When the history of Bo Pelini’s tenure as head football coach at Nebraska is written, the 2011 Penn State game will figure prominently. It will say Pelini never stood taller.
Yes, the Huskers won the game, 17-14, on the road, against a Penn State team that had lost only once. But Pelini has coached many victories during his four seasons. And he’ll coach many more.
What distinguished this game above the others, and those to come, were his words afterward. “Going in, I didn’t think the game should have been played,” he said.
And because of that he was conflicted. During the week leading up to it, “there were times when I felt like, ‘Here, I’m telling my football team to ignore what’s going on because we have a game to play; we have to focus on what we’re doing,’ ” said Pelini.
“My job, my No. 1 job is to educate and to talk to them about it and put focus on what we know and, so, they . . . so these young adults learn from the situation.”
The situation is well documented, alleged sexual abuse of young boys by former Penn State defensive coordinator Jerry Sandusky and the failure of others to do the right thing in response.
Among those others was legendary coach Joe Paterno, who was fired as a result.
“I don’t know the specifics of the situation, and I’m not judging anybody. But the fact is, young kids were hurt,” Pelini said. “It’s a lot bigger than football. It’s a lot bigger than the NCAA, the Big Ten or anything else. That’s why in the end, going in, I didn’t think the game should have been played.
“But with it being played, I thought that kneeling down and praying, and both teams coming together, was the right thing to do, and hopefully, that in itself made a statement.”
Prior to the opening kickoff both teams went to midfield and knelt in prayer, led by Husker running backs coach Ron Brown, a “pretty obvious choice,” according to Pelini.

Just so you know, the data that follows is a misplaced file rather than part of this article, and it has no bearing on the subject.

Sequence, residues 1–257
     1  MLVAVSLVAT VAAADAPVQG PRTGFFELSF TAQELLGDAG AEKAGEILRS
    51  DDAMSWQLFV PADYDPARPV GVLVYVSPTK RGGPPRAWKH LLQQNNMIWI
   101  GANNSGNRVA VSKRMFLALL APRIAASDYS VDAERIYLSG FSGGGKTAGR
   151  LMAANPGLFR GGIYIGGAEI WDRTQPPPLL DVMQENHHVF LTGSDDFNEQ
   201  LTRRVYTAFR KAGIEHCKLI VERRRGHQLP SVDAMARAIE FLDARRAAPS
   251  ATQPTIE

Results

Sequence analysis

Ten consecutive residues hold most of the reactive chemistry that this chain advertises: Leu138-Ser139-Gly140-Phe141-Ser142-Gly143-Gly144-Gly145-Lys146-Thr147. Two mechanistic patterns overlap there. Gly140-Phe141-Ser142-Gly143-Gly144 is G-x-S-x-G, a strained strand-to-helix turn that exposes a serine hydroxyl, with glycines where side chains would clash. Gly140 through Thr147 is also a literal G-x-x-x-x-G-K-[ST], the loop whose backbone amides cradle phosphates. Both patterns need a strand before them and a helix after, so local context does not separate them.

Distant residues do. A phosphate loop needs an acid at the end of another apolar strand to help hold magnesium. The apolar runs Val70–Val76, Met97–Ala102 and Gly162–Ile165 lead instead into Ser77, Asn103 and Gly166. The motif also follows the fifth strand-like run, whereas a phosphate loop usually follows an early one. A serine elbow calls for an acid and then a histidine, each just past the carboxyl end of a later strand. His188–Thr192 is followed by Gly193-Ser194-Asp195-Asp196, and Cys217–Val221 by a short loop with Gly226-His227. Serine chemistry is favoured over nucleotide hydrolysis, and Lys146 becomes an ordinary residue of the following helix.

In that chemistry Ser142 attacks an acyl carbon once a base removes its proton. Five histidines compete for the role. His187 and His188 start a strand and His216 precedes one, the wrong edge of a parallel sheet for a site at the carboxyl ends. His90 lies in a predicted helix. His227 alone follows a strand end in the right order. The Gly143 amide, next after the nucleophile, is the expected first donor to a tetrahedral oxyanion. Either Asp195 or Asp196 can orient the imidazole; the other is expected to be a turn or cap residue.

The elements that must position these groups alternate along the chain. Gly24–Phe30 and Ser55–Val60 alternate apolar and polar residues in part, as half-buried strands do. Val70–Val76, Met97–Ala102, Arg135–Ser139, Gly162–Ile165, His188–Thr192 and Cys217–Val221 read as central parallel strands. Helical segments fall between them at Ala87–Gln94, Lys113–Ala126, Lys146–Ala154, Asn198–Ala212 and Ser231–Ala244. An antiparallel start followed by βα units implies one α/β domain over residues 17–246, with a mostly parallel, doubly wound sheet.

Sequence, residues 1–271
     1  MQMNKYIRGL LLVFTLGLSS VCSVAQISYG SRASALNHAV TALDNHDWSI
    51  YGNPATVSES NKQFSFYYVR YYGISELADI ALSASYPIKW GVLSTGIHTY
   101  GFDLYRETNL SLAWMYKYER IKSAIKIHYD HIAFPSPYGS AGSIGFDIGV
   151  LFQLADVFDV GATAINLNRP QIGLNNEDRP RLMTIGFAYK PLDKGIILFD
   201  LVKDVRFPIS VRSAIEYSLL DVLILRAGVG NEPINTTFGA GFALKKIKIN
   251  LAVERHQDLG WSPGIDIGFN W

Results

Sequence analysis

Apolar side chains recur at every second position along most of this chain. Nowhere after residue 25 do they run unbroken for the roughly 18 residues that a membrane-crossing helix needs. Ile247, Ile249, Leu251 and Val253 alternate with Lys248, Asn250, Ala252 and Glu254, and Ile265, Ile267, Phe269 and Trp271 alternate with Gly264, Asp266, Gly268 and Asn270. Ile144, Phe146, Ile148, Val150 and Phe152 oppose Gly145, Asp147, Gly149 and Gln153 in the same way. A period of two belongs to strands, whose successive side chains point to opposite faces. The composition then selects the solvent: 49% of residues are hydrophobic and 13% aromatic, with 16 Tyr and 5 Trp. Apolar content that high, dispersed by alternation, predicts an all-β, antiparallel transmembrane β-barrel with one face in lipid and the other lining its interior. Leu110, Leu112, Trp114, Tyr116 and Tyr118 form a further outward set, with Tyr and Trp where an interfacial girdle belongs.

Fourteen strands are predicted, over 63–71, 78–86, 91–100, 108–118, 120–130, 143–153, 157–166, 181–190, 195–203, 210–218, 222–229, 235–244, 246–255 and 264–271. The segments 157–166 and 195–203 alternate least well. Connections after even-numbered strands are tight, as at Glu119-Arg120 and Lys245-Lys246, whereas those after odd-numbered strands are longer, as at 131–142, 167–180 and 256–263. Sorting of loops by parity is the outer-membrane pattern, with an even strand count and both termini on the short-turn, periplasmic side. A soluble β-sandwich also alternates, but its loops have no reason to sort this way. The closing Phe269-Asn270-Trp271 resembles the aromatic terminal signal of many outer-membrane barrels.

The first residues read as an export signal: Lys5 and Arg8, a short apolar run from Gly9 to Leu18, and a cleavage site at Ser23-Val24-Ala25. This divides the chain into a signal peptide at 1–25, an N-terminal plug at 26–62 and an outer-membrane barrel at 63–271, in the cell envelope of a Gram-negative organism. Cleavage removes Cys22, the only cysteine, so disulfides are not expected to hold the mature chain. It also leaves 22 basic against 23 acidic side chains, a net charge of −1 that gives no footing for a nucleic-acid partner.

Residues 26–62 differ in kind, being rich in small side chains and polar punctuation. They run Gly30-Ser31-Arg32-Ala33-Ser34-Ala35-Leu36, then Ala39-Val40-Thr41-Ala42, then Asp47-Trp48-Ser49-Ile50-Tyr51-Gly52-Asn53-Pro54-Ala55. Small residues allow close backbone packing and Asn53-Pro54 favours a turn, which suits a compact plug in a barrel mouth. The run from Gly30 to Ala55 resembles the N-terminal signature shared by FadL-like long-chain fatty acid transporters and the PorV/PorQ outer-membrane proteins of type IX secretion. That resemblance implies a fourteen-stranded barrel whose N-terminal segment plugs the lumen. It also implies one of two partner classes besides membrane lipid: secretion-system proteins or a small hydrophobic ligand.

The reaction in the 48 hours following was consistent. Those he encountered “were just in awe,” said Husker I-back Rex Burkhead. “I thought Coach Brown did a tremendous job getting us all together. Normally in those games you have that tension between the two teams going head-to-head.
“Just to come in, say hi to each other and ask the other players how they’re doing before the game kind of eases all the emotion and distractions before the game. I thought that was an awesome deal. That was something I’ve never been a part of and something I thought was pretty cool.”
Nebraska linebacker Will Compton said people had “nothing but good things to say. Everybody talked about the prayer in the beginning being first-class, which it was.”
Said Husker safety Austin Cassidy: “I said after the game that I didn’t know too many people that’d probably remember who won that game. Stuff like that, that happened before the game, that’s going to be remembered forever. I think it was just a good sign by both of the teams to let the victims know and let other people know that there’s stuff bigger than football and bigger than us. They’re in our hearts and they’re in our prayers. I was glad we did it. I think everyone was glad we did it.”
That didn’t change what happened on the field. The competition was no less intense. “As far as I could tell, it was a normal game for the 60 minutes we were out there,” he said.
Cassidy was right, no doubt. What happened before and after the game will be remembered long after the score is forgotten. Even so, that doesn’t diminish what the Huskers accomplished on a sunny, breezy 50-degree afternoon before a crowd of 107,903 at Beaver Stadium.
“I’ve said it and believe that our team has a lot of character and want-to,” Pelini said during his weekly news conference on the Monday after the game. “I give them a lot of credit. I gave them credit after the game for how they were able to play. It was a well-played game. It was a hard-hitting and physical football game. It’s a good one to come out on top.”
But it was still just a game, in a situation, as Pelini described afterward as “bigger than the young men in the game who would have missed it had they called it off.”